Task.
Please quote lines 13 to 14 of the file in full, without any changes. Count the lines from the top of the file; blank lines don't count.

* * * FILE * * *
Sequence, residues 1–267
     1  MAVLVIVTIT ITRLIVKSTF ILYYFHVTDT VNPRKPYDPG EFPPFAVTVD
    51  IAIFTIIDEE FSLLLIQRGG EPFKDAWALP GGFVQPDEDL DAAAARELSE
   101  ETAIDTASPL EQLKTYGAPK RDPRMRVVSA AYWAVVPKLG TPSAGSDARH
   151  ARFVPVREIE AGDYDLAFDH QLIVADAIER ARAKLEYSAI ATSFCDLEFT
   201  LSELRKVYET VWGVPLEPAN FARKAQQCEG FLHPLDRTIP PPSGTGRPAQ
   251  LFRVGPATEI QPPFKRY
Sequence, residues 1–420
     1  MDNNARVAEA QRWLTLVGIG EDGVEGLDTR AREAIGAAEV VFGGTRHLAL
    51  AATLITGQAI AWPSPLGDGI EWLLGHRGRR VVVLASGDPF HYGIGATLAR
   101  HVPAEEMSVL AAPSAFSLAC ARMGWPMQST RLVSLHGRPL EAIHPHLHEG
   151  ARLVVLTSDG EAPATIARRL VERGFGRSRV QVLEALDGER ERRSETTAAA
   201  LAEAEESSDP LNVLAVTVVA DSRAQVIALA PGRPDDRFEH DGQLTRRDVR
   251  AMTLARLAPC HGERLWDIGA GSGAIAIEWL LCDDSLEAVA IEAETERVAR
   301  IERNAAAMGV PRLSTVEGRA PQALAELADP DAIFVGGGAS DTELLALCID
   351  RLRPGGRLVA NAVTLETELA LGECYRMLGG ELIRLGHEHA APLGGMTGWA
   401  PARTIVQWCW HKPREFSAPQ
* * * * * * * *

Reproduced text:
   201  LAEAEESSDP LNVLAVTVVA DSRAQVIALA PGRPDDRFEH DGQLTRRDVR
   251  AMTLARLAPC HGERLWDIGA GSGAIAIEWL LCDDSLEAVA IEAETERVAR